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#174809 - 03/17/08 04:59 PM Re: honey bee safari [Re: BranShea]  
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tsuwm Offline
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this too shall pass
>What strange contradictory two meanings.

better get it added to the list of self-contradicting words.

-joe (whatever contrariety is) friday

#174824 - 03/18/08 02:13 AM Re: honey bee safari [Re: BranShea]  
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twosleepy Offline
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I don't know about bees, but you gotta wrangle a bit to move groups of horses around, and they are big and noisy and like to argue... maybe not so contradictory! :0)

I got bee pics:

http://farm3.static.flickr.com/2197/2333383675_5e1c60fbdc.jpg
http://farm3.static.flickr.com/2334/2334209754_d0bf2cf697.jpg

(I think my pics were removed, so I made them links...)

Last edited by twosleepy; 03/18/08 12:28 PM.
#174825 - 03/18/08 04:54 AM Re: honey bee safari [Re: twosleepy]  
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latishya Offline
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कहीं &...
 Originally Posted By: twosleepy
I don't know about bees, but you gotta wrangle a bit to move groups of horses around, and they are big and noisy and like to argue... maybe not so contradictory! :0)


That's what I was thinking too.

#174826 - 03/18/08 08:58 AM Re: honey bee safari [Re: twosleepy]  
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Netherlands, the Hague
I see the connection, but the second definition: to herd, to care for sounds so much more gentle; as if the total opposite of the first one.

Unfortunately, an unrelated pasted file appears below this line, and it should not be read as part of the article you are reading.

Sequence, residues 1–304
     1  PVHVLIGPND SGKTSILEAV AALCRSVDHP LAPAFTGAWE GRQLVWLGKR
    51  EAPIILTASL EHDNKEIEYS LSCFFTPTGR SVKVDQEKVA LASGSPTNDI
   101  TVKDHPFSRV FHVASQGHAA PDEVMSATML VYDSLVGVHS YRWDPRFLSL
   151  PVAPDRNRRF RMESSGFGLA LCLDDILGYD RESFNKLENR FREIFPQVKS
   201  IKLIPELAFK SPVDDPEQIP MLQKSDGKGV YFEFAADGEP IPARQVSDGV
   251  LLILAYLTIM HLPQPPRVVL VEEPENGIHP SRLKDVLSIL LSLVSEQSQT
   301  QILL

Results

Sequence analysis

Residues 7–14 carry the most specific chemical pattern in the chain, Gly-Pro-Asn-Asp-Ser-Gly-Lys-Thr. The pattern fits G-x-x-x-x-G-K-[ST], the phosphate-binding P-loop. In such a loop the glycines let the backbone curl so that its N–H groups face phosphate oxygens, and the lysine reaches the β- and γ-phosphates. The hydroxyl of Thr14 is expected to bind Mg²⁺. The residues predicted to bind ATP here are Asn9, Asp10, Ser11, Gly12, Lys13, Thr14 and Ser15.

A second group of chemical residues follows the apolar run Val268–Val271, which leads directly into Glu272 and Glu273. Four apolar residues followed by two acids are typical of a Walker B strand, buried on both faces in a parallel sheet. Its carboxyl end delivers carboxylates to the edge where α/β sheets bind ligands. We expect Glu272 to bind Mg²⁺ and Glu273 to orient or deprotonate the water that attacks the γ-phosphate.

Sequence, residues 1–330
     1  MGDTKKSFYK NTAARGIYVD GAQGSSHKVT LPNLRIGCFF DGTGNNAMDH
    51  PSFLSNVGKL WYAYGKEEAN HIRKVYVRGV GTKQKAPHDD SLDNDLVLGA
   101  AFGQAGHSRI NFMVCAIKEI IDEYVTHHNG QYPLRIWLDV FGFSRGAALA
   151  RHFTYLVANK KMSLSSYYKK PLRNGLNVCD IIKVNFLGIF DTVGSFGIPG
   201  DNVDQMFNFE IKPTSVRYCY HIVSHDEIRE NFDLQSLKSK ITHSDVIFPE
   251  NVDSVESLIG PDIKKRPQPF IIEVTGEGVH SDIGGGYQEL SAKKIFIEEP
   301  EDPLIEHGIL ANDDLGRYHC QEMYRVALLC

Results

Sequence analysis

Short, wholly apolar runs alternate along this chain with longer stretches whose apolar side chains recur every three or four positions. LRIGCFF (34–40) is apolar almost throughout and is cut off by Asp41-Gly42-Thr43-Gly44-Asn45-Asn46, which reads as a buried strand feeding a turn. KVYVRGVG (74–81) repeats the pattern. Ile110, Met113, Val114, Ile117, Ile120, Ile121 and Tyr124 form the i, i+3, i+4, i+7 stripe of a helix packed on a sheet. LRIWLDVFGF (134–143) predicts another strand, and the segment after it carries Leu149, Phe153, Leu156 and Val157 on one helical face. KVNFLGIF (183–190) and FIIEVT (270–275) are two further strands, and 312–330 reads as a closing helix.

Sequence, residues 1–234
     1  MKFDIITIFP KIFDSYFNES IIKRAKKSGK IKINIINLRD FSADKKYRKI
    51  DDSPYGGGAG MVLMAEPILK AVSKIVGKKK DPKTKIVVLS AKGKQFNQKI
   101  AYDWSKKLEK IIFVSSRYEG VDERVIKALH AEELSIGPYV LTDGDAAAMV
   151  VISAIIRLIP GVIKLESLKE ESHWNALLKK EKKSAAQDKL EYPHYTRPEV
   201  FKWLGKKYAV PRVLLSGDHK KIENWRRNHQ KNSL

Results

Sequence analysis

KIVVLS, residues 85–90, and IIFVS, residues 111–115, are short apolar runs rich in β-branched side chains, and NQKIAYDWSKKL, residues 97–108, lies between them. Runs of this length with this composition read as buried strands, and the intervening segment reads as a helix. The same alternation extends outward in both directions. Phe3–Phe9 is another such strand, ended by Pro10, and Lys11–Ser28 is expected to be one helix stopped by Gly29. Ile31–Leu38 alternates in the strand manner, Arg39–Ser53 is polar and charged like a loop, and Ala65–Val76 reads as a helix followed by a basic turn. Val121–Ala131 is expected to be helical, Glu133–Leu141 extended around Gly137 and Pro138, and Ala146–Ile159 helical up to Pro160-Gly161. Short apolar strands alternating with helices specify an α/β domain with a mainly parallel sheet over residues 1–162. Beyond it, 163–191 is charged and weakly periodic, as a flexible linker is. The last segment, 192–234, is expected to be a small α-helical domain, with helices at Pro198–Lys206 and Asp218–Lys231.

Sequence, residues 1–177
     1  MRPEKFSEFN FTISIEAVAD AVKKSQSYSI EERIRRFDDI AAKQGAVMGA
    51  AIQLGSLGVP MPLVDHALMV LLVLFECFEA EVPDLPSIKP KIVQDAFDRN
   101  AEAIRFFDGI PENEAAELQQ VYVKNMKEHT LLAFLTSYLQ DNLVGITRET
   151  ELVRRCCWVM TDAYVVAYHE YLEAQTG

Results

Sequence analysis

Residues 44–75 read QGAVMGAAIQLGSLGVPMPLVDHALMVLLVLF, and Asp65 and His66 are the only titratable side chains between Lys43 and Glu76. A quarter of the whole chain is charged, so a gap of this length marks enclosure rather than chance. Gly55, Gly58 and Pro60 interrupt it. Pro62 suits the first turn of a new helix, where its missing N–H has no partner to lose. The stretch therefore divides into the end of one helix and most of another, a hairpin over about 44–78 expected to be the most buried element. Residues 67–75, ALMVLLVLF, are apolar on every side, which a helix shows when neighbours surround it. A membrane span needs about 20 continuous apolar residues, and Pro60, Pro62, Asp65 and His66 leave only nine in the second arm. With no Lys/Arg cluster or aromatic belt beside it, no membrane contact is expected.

Nice pics. If you present them in a link (blue button up left when you use "reply") one can go to your upload site and print them. I specially asked Maven to link her " one winged hummingbird" to me. Now in my studio it faces the large postcard of the bald eagle I like very much. (talking of opposites). ;~)

As this thread somehow tunes in with today's word, I wonder, would vegans eat honey or strictly shun anything prepared with honey?

#174828 - 03/18/08 12:32 PM Re: honey bee safari [Re: BranShea]  
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twosleepy Offline
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 Originally Posted By: BranShea
As this thread somehow tunes in with today's word, I wonder, would vegans eat honey or strictly shun anything prepared with honey?


I can't see what problem they would have with honey. Honeybees are free to roam, the honey is extra that they can survive without, it is made from nectar, not any animal product, and no animals are killed or harmed in its production or harvesting. But I am not a vegan, so maybe we will hear from someone who is and can explain why honey is objectionable, if it is at all. :0)

#174829 - 03/18/08 12:38 PM Re: honey bee safari [Re: twosleepy]  
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R'lyeh
Neither am I a vegan, but here's the buzz on honey from a vegan FAQ:

 Quote:
Q. What's the buzz about honey?

A. Many vegans choose to eliminate honey from their diets because they believe honey belongs to the bees, just as cows' milk belongs to the cows. In addition, many people object to the cruelty inherent in beekeeping: some bees are invariably killed when the beekeeper gathers honey, and some beekeepers burn their hives at the end of each year. (link).

My favorite vegan FAQ is whether fellatio is allowed (link).


Ceci n'est pas un seing.
#174830 - 03/18/08 12:39 PM Re: honey bee safari [Re: twosleepy]  
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/sits down to enjoy a big plate of bee steaks.


formerly known as etaoin...
#174833 - 03/19/08 12:25 AM Re: honey bee safari [Re: twosleepy]  
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The Pook Offline
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Tasmania
 Originally Posted By: twosleepy
 Originally Posted By: BranShea
As this thread somehow tunes in with today's word, I wonder, would vegans eat honey or strictly shun anything prepared with honey?